courtesyCartoons created by women – some as old as 100  years ago – are on view at the San Francisco Public Library in a show called “Pretty in Ink.”

courtesyCartoons created by women – some as old as 100 years ago – are on view at the San Francisco Public Library in a show called “Pretty in Ink.”

‘Pretty in Ink’ showcases female cartoonists

Historical cartoon art created by — and often about — women is in the spotlight at the San Francisco Public Library.

“Pretty in Ink: North American Women Cartoonists 1896-2013,” curated by cartoonist and historian Trina Robbins (who has written a book of the same name), showcases mostly little-known artwork from the 1800s through the present day.

While Dale Messick, creator of “dashing girl reporter” Brenda Starr (a strip that lasted 70 years) is well-known, some of her predecessors are not.

On view through June 2, “Pretty in Ink” features work by Grace Dayton (1877-1936), who drew chubby little kids called “Dolly Dimples” and “Bobby Bounce” and had a strip called “Naughty Toodles.” However, her most famous creations, 1909’s Campbell’s kids, are still known to 21st-century soup eaters.

On a more sophisticated note are showgirls drawn by Nell Brinkley (1886-1944), an artist who worked for Hearst newspapers. Her curly-headed Brinkley girls provided the model for dancers in the “Ziegfeld Follies.”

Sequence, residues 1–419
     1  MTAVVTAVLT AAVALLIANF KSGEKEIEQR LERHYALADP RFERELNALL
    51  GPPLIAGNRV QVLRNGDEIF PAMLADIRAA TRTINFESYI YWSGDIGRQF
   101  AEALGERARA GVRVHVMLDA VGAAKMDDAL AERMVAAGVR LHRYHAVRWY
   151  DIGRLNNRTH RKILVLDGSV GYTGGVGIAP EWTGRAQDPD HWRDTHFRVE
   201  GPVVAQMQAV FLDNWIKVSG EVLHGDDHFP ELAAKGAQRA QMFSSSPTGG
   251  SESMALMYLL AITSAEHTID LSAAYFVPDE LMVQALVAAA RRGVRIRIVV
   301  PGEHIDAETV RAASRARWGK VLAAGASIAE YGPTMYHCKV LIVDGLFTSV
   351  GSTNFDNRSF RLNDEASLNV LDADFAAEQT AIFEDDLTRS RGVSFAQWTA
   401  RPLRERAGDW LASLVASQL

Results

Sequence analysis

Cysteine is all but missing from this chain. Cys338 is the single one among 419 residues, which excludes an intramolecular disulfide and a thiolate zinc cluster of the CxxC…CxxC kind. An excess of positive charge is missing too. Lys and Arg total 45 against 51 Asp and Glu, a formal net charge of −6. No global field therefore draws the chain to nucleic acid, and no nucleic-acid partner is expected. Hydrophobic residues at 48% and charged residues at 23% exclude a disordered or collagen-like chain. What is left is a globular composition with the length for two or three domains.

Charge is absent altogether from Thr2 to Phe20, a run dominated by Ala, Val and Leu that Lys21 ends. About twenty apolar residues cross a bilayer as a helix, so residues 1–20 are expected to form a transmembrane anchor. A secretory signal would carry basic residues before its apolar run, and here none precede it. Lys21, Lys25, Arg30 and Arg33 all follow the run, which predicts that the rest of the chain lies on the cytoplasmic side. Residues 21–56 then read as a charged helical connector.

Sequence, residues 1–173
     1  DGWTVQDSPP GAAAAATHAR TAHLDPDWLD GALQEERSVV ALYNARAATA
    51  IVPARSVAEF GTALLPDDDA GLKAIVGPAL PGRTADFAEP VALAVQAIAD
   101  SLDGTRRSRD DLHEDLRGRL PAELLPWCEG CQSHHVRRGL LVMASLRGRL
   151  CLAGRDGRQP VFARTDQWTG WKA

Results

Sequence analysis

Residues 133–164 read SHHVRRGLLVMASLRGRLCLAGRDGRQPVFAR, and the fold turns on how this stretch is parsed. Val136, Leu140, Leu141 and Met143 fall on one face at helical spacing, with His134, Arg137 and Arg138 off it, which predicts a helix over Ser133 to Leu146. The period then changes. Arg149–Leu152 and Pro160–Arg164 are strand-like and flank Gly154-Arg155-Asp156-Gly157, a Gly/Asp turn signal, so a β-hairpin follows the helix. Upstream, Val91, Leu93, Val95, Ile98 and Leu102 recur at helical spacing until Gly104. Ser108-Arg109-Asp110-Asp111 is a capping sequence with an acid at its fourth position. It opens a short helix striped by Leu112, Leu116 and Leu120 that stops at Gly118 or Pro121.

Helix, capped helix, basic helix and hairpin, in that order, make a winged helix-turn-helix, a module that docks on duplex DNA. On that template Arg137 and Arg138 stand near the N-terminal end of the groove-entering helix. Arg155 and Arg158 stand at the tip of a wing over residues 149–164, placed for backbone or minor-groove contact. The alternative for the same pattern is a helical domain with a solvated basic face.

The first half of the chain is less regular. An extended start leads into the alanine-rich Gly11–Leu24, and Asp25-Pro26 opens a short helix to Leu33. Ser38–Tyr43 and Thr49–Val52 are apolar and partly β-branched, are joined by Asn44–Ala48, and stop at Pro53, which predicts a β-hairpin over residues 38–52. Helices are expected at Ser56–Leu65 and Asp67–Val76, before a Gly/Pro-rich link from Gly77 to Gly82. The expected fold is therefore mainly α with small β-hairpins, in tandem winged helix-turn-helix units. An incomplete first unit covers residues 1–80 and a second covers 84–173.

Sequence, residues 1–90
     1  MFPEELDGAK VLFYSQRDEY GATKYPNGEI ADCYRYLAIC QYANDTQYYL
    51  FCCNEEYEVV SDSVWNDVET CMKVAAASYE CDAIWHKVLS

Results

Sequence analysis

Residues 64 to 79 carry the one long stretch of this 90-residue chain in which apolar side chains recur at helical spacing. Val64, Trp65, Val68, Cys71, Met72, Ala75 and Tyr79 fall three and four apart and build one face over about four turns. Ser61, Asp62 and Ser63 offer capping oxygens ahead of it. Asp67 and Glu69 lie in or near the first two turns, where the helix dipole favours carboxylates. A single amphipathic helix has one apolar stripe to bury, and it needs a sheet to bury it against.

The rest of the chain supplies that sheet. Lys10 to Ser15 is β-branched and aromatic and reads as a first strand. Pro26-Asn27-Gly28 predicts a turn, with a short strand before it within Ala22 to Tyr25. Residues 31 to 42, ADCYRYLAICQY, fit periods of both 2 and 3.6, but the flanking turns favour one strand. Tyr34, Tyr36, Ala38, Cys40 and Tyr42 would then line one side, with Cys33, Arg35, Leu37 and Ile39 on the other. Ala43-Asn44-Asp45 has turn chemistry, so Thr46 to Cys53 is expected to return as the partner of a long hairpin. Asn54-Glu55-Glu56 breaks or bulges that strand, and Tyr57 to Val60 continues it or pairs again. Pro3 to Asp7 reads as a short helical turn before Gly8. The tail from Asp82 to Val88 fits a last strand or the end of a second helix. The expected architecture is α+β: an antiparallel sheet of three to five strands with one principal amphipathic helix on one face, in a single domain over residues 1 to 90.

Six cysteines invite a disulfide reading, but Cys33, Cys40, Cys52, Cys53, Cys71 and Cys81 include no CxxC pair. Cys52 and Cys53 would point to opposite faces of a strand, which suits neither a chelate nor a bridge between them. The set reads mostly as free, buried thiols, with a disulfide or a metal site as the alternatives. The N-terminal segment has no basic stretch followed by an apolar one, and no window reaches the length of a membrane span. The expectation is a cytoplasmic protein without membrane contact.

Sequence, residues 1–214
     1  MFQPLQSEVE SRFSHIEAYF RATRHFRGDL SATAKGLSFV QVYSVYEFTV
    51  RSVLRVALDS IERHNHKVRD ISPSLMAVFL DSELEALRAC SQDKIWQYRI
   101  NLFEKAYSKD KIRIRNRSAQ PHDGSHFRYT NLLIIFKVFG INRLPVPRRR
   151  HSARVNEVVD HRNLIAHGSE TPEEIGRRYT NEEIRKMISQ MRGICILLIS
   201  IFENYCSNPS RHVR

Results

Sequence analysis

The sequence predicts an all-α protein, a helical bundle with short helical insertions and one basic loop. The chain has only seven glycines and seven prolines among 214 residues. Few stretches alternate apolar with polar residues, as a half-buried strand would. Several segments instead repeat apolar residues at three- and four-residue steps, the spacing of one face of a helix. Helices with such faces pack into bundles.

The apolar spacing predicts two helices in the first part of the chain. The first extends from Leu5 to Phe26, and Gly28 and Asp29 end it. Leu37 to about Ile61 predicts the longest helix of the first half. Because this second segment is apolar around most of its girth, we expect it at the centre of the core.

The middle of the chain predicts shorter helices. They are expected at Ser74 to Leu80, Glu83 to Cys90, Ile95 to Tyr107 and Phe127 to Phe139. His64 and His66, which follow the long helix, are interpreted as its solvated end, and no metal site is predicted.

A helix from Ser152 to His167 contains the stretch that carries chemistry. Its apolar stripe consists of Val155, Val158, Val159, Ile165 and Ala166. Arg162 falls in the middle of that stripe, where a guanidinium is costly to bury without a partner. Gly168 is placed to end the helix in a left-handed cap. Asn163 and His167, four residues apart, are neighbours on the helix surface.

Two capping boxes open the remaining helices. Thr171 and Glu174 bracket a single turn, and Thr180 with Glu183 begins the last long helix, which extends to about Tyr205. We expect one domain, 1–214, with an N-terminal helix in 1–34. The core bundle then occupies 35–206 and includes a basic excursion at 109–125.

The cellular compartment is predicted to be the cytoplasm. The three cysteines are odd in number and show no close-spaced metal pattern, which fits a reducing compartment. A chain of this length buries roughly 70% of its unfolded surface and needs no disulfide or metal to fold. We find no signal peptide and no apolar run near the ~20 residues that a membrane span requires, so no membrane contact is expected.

Ethel Hays (1892-1989) drew chic, liberated flapper girls who graced newspapers, comic books and paper doll books. One fun image in the show is a full page from the San Francisco News picturing a woman opening a large box that has a man inside. The caption reads: “Christmas male.”

Edwina Dumm (1893-1990) created a strip about a fluffy dog named Tippie. Many of her other drawings featured a similar looking canine.

“Pretty in Ink” also includes pictures of the first female action figure, according to Robbins. Miss Fury pre-dated Wonder Woman by about eight months.

The voluptuous heroine, created by Tarpe Mills, was not based on a real person. A newspaper clipping in the show has an interview with the artist, who, when asked about the model for the character, responded, “It’s all done with mirrors.”


Pretty in Ink

Where: Main Library, fourth floor, 200 Larkin St., S.F.

When: Noon to 5 p.m. Sundays, 10 a.m. to 6 p.m. Mondays and Saturdays, 9 a.m. to 8 p.m. Tuesdays-Thursdays, 1 to 6 p.m. Fridays; closes June 2

Admission: Free

Contact: (415) 557-4400, www.sfpl.orgArt & MuseumsartsMiss FuryPretty in InkTrina Robbins

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